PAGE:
Check all that apply:  

o   I feel tired after eating bread, pasta or other starchy foods.

o   I experience bloating, gas, cramping and/or diarrhea after eating certain foods such as bread and pasta.

o   I have been diagnosed with IBS.

o   I have acid reflux.

o   I have osteoporosis.

o   Starchy foods should promote healthy bowel movements, but they make me constipated.

o   I have unexplained aches and pains.

o   I suffer from brain fog or bouts of fatigue.

o   I have angry outbursts or cannot control my temper sometimes.

o   I have eczema or psoriasis, dandruff, or other types of skin rashes.

o   I suffer from regular headaches or migraines.

Awareness about gluten intolerance and celiac disease is sweeping the world.

Gluten-related problems are becoming a major public health issue. Although the cause is unknown, celiac disease, an auto-immune disorder in which the sufferers cannot properly digest gluten, is four times more common now than 60 years ago and affects about one in 100 people.

In celiac disease, nutrients pass through the damaged small intestine unabsorbed, leading to devastating health and digestive problems. Undiagnosed or untreated celiac disease can quadruple the risk of death.

Symptoms vary from person to person and can often mimic other bowel disorders. They may include severe gas, diarrhea, abdominal cramping, distension, bloating, steatorrhea (fatty stools), weakness, anemia, depression, osteoporosis, bone or joint pain, infertility, or blistering, itchy skin.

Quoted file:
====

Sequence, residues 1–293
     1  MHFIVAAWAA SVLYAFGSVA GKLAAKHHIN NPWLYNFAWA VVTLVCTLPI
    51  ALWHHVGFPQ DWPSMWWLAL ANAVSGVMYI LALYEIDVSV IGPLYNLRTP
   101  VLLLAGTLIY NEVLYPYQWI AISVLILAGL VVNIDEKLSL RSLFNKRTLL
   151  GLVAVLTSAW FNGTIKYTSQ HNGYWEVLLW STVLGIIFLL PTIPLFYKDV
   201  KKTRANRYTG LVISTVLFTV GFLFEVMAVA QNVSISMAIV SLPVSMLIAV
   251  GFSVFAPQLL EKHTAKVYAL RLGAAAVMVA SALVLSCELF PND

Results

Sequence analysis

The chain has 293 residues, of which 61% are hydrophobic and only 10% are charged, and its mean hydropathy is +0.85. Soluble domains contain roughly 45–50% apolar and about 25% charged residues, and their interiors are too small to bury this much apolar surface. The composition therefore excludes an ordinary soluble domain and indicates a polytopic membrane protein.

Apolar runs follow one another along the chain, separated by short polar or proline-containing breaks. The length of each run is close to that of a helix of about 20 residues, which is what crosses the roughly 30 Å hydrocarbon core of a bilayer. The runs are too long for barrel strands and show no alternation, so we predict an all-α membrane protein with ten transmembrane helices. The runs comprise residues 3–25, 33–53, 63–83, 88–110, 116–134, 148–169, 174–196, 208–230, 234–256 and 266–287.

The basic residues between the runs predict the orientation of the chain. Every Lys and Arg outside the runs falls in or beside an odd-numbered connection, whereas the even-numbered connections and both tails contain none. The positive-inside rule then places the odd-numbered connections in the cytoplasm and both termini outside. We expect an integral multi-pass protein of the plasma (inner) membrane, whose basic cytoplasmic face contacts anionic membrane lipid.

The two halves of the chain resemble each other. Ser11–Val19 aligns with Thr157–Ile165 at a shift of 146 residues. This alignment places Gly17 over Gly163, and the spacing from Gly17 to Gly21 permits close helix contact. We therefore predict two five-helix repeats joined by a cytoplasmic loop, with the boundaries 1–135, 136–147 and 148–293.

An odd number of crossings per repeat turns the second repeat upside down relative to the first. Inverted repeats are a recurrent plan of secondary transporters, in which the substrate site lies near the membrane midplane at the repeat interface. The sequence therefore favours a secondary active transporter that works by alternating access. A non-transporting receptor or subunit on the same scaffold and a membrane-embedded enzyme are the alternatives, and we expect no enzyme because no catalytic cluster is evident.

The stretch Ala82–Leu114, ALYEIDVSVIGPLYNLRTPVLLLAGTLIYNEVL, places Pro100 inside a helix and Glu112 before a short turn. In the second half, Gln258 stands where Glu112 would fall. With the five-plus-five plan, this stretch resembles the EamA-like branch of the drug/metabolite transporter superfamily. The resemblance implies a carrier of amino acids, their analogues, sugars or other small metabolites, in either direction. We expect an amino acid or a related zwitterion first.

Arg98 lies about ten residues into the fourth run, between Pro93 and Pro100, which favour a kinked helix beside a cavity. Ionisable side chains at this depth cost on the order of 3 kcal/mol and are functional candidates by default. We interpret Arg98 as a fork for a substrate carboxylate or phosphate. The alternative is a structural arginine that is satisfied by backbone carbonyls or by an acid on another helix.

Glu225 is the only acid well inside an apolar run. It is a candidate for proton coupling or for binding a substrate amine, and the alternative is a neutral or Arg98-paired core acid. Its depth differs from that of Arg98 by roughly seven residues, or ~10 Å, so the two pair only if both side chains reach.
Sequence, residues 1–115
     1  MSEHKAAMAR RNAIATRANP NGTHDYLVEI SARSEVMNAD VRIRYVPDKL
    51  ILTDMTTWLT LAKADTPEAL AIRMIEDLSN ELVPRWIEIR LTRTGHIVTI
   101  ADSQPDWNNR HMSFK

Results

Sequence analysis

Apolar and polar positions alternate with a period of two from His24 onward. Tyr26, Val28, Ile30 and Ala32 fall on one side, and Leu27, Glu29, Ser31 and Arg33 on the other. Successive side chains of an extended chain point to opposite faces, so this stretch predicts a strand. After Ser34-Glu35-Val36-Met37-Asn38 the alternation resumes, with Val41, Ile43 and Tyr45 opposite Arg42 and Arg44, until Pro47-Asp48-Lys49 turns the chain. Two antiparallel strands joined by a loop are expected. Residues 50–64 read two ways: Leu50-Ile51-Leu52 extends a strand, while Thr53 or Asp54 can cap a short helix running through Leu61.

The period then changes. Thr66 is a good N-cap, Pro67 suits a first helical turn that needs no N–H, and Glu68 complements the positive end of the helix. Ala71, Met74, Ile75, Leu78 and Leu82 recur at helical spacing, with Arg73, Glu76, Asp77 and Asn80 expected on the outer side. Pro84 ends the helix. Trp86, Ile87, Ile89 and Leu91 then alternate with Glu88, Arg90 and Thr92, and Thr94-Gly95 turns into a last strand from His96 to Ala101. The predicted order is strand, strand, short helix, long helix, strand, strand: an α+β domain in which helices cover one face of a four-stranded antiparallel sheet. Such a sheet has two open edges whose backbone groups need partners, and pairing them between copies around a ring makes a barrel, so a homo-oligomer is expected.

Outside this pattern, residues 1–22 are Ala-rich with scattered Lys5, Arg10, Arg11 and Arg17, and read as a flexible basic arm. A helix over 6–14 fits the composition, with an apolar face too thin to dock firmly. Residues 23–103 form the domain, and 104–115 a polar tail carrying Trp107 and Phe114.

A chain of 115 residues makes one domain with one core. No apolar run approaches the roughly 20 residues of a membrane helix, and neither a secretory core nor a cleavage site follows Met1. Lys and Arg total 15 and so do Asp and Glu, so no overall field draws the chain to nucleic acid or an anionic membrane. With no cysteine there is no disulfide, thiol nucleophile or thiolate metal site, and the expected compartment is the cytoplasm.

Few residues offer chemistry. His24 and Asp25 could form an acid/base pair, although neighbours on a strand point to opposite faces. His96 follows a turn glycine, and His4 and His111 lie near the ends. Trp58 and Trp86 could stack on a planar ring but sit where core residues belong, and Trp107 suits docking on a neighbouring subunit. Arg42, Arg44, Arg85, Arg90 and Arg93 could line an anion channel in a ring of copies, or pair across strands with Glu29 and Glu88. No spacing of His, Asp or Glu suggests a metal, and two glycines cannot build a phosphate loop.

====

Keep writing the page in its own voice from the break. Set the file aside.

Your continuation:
However, it isn’t only those with celiac disease that should avoid gluten. Non-celiac gluten sensitivity (NCGS), a relatively new diagnosis, may afflict as many as 6% of the population worldwide. NCGS has been coined to describe those who cannot tolerate gluten and experience symptoms similar to those of celiac disease, but who do not have the antibodies and intestinal damage as seen in celiac disease.

The symptoms include digestive problems like bloating, gas and diarrhea following the ingestion of gluten and may include headaches, brain fog, joint pain, mood swings, angry outbursts and more.

What is Gluten?

Gluten is part of the tough, elastic protein found in wheat, rye, barley, oats, and many other grains. It gives bread and baked goods a spongy and elastic texture.

Gluten can be found in breads, cakes, pastries, cookies, biscuits, crackers, battered foods, cereals, snack foods, pastas and pizza. Because gluten is also used as a thickener and filler, it is found in soups, gravies, sauces, processed meats, pickles, sweets, instant pudding and even in some brands of chocolate! Read food labels carefully. Gluten can be found where you least expect it!

The hallmark symptom of gluten intolerance is bloating after eating a starch or grain. For many of us, starch is a regular part of the day, beginning with toast or cereal for breakfast. Should you notice that your belly is flat upon awakening but becomes bloated immediately after eating a starchy food, suspect gluten. An indicator of more advanced gluten intolerance is a developing sensitivity to everyday chemicals such as perfumes and paint fumes.

A strict gluten-free diet has proven helpful to patients who are fortunate enough to recognize the symptoms.